REVIEW: Live TV shows losing impact during COVID-19


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JIMMY KIMMEL LIVE – “Jimmy Kimmel Live” airs every weeknight at 11:35 p.m. EST and features a diverse lineup of guests that include celebrities, athletes, musical acts, comedians and human interest subjects, along with comedy bits and a house band. The guests for Monday, April 11, 2016 included Chris Evans, Sebastian Stan, Anthony Mackie, Paul Rudd (“Captain America: Civil War”) and musical guest White Denim. (ABC/Randy Holmes) CHRIS EVANS, JIMMY KIMMEL

With COVID-19 effectively shutting down the entertainment industry, television shows that are traditionally filmed in a studio have been forced to relocate to the hosts homes or end filming for the time being. Several scripted television shows have opted to end their seasons early in order to comply with quarantine orders in their respected filming locations.

Several talk show hosts, including John Oliver, Conan O’Brien, Jimmy Kimmel and Stephen Colbert, have begun to shoot and air episodes of their talk shows from their homes so that they could continue working without risking themselves or members of their cast and crew potentially getting infected. Other shows that air live have also moved their content to being aired online so that their audience can still see new episodes.

Recently, I watched the latest episode of “Last Week Tonight” with John Oliver. The show contained Oliver’s usual theme, spending the episode on a single subject that has been in the news recently or is controversial. This most recent episode focused on misinformation being generated by the coronavirus. The subject is one that has not been in the news as much because most of the focus has been on the number of people who have been infected, those who have died and how countries are dealing with the pandemic. 

While the episode did follow the usual format of a typical Last Week Tonight episode, the jokes did not come off as funny as they usually do. Without a studio audience or laugh track to help break up Oliver’s rants, they seem to feel longer and angrier than they usually are. Despite the punchlines of his jokes not hitting as hard as they usually do, Oliver has still been able a very good job at driving the point of his episode to the audience. He makes several good points about how many people are believing every rumor they hear about the coronavirus and ignoring legitimate facts that are released every day.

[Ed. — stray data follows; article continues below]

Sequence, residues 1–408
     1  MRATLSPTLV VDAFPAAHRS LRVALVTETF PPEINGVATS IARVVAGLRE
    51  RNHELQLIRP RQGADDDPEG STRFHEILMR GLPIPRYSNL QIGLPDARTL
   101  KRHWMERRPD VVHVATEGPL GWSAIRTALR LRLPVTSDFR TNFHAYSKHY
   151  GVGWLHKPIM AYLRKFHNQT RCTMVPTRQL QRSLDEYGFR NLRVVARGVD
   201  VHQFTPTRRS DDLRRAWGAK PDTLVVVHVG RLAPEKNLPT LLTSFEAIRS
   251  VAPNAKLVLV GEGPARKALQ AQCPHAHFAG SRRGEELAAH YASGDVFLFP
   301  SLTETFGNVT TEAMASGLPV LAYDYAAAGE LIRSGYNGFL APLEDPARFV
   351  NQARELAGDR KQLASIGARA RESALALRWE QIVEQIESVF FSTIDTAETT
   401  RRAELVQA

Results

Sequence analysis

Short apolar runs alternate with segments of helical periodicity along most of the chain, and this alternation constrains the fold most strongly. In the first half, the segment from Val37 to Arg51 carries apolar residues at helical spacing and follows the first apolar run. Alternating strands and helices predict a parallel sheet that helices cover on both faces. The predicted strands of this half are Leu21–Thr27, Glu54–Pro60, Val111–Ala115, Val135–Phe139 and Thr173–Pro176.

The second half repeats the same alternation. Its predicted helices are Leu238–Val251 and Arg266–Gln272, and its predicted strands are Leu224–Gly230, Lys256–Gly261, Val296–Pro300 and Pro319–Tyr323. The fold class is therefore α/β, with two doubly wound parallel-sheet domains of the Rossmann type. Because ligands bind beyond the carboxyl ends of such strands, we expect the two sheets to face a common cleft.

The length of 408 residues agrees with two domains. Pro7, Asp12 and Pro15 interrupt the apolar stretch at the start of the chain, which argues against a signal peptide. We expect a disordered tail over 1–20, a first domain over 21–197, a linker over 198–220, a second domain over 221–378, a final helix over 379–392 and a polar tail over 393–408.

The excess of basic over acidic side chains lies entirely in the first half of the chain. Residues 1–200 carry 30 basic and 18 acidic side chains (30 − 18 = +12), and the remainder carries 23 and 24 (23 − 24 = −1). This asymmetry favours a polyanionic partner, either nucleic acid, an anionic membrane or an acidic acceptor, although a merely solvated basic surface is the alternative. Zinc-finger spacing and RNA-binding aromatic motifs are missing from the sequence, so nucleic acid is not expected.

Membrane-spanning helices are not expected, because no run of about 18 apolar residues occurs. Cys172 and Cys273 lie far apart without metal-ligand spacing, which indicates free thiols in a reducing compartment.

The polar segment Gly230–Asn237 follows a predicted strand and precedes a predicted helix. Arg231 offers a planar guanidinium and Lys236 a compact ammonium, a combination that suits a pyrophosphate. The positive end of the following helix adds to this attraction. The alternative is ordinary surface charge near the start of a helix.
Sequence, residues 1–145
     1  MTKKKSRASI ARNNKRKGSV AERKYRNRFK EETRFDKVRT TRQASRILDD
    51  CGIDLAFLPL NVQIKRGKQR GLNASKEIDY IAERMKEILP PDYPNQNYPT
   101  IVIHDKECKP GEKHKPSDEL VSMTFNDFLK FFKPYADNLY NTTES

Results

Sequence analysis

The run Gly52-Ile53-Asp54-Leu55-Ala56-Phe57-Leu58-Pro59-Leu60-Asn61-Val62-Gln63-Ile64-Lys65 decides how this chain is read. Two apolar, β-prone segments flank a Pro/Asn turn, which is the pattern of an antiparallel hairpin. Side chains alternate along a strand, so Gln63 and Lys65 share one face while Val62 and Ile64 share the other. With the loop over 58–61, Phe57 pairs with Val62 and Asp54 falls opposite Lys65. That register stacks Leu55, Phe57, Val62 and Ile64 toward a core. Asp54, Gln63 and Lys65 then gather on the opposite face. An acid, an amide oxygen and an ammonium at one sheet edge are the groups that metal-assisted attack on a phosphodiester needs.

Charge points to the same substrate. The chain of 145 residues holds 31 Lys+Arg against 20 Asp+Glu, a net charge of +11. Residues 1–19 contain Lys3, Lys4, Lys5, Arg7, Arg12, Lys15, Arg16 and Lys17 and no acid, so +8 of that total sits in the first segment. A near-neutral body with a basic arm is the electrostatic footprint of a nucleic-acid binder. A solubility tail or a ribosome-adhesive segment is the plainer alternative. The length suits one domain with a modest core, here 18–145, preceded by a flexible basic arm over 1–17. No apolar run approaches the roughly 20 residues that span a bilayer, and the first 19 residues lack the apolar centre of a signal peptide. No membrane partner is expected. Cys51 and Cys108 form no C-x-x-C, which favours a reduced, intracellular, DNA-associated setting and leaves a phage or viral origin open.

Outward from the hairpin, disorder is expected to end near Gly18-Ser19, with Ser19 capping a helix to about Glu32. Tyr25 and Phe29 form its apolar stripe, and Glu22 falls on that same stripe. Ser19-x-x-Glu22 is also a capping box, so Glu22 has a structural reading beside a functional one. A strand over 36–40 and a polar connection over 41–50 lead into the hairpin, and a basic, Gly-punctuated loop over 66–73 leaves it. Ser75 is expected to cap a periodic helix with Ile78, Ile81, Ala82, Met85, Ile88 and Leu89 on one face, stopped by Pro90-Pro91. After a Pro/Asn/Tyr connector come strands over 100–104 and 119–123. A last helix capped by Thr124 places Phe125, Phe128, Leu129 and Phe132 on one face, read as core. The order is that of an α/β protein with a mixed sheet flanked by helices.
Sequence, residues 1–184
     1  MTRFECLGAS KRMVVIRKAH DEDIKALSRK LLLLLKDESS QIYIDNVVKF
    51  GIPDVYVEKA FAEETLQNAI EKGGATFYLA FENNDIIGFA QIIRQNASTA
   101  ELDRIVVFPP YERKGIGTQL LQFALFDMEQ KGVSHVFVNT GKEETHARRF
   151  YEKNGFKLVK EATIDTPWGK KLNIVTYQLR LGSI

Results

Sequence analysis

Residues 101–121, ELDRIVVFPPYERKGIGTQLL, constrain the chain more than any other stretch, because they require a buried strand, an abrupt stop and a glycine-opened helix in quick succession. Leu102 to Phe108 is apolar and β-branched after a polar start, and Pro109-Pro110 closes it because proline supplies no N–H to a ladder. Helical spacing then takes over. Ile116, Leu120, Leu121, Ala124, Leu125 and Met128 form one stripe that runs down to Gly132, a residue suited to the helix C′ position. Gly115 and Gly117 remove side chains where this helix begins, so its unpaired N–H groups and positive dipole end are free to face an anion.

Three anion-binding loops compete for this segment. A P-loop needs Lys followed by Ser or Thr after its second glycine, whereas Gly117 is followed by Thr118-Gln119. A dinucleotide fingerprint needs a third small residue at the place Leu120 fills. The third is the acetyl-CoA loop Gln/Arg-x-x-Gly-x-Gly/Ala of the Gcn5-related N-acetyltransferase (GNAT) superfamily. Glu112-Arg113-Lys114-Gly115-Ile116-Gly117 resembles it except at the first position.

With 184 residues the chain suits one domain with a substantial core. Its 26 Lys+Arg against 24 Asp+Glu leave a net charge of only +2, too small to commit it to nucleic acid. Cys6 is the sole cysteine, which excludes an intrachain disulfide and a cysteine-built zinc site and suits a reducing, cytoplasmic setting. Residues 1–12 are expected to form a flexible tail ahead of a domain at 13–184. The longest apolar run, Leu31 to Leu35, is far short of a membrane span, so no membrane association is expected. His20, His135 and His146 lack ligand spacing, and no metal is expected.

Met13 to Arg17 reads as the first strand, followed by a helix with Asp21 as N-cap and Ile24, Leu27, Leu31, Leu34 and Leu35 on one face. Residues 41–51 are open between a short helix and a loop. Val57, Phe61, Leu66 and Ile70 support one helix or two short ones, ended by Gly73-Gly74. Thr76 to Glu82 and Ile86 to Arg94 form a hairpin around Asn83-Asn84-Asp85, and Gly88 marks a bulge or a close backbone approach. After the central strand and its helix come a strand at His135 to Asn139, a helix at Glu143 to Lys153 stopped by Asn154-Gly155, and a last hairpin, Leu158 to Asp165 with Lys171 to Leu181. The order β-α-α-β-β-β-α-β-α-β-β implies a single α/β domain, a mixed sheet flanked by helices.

The techniques that have been used to carry on these shows  despite the restrictions and quarantines, are the same that many people are using to do their jobs and stay in touch with friends and family. While Oliver did not have any interviews for this episode, other live shows have been using FaceTime and Zoom to conduct interviews with celebrities and guests that had been scheduled to be on the show. This can prove to be an issue because the internet connection could cut out or, during one of the most recent episodes of the Tonight Show, having a member of the family interrupt the show. 

“The Tonight Show,” hosted by Jimmy Fallon, is another live show that has managed to continue production, in this case from Fallon’s home. One of the differences from “Last Week Tonight” to “The Tonight Show” is that “The Tonight Show” has music performed live by different artists every night. 

In the episode that took place on Friday, April 17, Kesha was able to sing her song “Resentment,” with the instrumental version of the song prepared for her to sing the lyrics to. While the song was good, the performance was not as entertaining as it could have been. Again, limited resources means that performers and hosts have to cut some corners. But, it was nice to be able to hear the entire song without having the audience cheer over the performance and drown out some of the lyrics. 

It is refreshing to see that during these challenging times that live television shows are continuing to make new episodes. They have been able to continue many of their shows segments at home without too many problems and encourage people to make donations to those in need during the quarantines. But the humor falls short some of the time, with the lack of an audience making it difficult for a viewer to identify what is supposed to be the joke. It can make the host speaking feel like they were ranting instead of entertaining or informing the public like they are supposed to. 

Despite these challenges, live television shows are still able to entertain their audiences.